We used our propane Wave 8 catalytic heater on the cold boondocking nights. This heater can cook us out on HI, so we only put it on LO and turned it off in the morning after kicking off our covers overnight.
I didn't figure any propane costs into our budget as it's kinda hard to figure. We used propane for cooking, water heating, refrigeration and some nights of heat. The needle barely moved on the gauge as we have a huge 50 gallon onboard tank. It has only been filled up once this entire year in spring. Our generator also runs on propane, but we didn't need to use it at all. We could kinda guess $10 or $20 worth of propane used?
Although I could have enacted the TravelPass option on my Verizon phone (costs $5 a day and uses my US data plan and minutes) I chose not to. Even along the one and only main highway, Trans Canada 17, there is a lack of data signals. So even if I did enact my Verizon plan, there wasn't anything to connect to.
People suggested things like free WIFI at McDonalds, or Tim Hortons, libraries, etc. Well, there aren't ANY of those kind of places around Lake Superior once we got past Thunder Bay. The aren't any towns of any size to generate any chain stores or restaurants. The most you find is maybe a gas station or a gift shop. And none of them had WIFI.
We relied on WIFI hotspots in two tiny towns (Rossport and Kakabeka Falls at a tiny B&B and a motel) and at one tourist trap near Agawa Bay. Even the single Flying J in the middle of our loop around didn't have WIFI, not even some you could pay for by the hour.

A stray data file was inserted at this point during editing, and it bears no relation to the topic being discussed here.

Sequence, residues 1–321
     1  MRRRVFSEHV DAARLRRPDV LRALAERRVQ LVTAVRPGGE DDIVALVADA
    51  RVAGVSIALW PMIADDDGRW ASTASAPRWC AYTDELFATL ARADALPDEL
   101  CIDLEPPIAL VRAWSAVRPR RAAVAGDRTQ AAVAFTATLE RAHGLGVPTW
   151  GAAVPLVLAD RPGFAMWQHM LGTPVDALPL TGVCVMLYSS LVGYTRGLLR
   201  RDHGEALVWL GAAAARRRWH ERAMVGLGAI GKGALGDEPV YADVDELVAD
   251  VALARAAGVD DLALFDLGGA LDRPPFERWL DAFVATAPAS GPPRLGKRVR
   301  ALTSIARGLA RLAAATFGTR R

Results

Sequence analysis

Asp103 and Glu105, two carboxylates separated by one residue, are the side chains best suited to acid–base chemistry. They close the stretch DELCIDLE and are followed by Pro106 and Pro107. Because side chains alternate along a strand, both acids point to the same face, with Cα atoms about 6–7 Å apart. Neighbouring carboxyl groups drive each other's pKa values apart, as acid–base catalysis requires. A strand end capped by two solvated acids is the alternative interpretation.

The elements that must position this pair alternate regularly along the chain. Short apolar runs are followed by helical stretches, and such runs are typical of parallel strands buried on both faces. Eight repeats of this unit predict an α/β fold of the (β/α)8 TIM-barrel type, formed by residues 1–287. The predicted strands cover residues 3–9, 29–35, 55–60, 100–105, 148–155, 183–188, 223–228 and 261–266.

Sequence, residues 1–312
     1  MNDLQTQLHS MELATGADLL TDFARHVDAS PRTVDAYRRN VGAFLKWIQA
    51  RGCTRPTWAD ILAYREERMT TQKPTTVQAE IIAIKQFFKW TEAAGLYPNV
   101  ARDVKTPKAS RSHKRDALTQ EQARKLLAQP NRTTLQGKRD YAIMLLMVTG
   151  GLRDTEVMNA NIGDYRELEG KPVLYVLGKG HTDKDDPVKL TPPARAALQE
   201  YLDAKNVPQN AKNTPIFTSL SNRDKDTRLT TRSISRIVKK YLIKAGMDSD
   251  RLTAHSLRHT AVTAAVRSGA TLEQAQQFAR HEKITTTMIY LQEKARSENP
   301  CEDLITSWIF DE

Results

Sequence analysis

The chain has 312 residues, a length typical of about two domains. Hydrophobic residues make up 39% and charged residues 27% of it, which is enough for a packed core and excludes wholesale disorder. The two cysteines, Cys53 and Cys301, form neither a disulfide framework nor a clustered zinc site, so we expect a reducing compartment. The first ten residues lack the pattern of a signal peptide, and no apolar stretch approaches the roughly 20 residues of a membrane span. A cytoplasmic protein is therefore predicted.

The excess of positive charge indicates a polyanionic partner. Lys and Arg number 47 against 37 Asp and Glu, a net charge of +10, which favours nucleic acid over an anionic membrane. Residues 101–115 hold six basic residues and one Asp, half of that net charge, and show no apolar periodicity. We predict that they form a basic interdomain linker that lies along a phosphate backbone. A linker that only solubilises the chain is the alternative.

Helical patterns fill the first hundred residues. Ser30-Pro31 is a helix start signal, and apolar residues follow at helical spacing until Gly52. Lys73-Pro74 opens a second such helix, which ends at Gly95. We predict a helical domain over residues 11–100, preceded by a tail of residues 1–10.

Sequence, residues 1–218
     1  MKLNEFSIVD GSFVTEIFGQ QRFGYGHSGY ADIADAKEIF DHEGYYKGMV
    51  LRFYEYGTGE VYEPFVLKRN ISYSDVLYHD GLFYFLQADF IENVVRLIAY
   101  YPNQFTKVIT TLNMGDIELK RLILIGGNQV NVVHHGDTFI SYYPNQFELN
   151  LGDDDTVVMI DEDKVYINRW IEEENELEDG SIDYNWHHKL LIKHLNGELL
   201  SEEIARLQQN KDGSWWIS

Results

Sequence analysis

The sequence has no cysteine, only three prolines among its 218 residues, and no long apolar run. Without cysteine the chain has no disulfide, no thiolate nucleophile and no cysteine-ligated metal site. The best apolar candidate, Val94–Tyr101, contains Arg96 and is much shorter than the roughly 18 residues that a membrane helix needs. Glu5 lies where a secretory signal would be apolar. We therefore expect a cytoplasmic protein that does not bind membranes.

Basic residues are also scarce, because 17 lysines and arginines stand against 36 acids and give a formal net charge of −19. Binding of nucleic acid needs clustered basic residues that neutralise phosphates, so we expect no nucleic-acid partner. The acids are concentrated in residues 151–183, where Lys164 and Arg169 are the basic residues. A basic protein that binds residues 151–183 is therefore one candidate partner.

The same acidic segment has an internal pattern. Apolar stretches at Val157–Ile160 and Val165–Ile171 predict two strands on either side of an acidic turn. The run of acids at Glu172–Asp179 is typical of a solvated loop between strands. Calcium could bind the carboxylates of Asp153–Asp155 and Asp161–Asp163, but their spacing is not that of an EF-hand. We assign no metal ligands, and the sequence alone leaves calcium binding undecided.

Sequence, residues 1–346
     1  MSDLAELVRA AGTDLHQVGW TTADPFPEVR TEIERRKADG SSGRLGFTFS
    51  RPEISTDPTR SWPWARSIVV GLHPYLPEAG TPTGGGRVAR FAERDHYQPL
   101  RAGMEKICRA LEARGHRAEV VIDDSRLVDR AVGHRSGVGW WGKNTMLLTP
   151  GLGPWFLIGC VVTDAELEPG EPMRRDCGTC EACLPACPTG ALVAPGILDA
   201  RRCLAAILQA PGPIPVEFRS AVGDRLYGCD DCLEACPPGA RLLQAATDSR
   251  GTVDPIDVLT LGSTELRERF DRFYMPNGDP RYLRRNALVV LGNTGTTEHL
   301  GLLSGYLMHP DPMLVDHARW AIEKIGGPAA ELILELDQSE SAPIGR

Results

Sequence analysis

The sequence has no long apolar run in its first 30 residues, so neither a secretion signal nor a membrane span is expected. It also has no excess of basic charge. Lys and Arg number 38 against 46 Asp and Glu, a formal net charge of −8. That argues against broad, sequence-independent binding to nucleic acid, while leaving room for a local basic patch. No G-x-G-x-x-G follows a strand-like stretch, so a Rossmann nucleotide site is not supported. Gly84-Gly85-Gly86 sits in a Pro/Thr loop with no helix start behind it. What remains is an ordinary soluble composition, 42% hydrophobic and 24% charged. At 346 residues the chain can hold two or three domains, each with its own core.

Only ONE campground had its own WIFI and that was the municipal campground at Marathon, Ontario called Penn Lake. It was spotty, but it worked better late at night or early morning before anyone else logged on.
Once we got back into the United States in Michigan's Upper Peninsula, my own Verizon data plan worked great. Even on the country roads of M28 and US2, we had signal all of the while and could use our phone for GPS and calls and data.
I love using my Microsoft Streets and Trips 2011 on my laptop with GPS dongle. It is no longer supported by Microsoft but is still usable. My laptop has an optional 12 volt cord that plugs into a cigarette lighter outlet. Not all 12v plugs work with laptops. It is a special cord I had to order from Acer with a block on it that converts the needed 19v from a 12v plug in.
The best reason I like the Microsoft Streets and Trips is that it leaves a "GPS Trail" of every road and spot we travel on, as well as lets me put on "pushpins" with information embedded in each one. I can notate campgrounds, fuel stops, good boondocking places etc. I import POI files of campgrounds and Walmarts and Cracker Barrels and Flying J across the entire country. I keep a map of each and every trip we have gone on.
I love having a large screen to zoom in and out to see the route at any time while in transit. It allows me to snap calculate distance to the next place on our list, or change the list at any time. I can add stops, delete stops, rearrange things, search for nearby things of any set distance I choose. Places like grocery stores, gas stations, campgrounds etc. It figures out the best route and does a good job. We always follow up with a paper map and do not blindly follow a GPS.
This is the GPS dongle unit that connects in my USB port.
During the last couple of trips, my screen has been flickering when in use with the program. It's irritating but still works. I tried a bunch of suggested online fixes, but it still flickers --- unless I wiggle my wireless mouse on the screen... then the flicker goes away?? I am going to try to install it on Steve's smaller NextBook, but I didn't have the installation disk along with me. I will try it now that we are home.
I didn't have internet access of a sufficient speed to upload all of my video clips. So I did now once we got back home. I am going to back into each blog to insert them. Here is a playlist of all our little video clips, if you are so inclined:
Yup, $1001.61 for 2 weeks...
and the memories are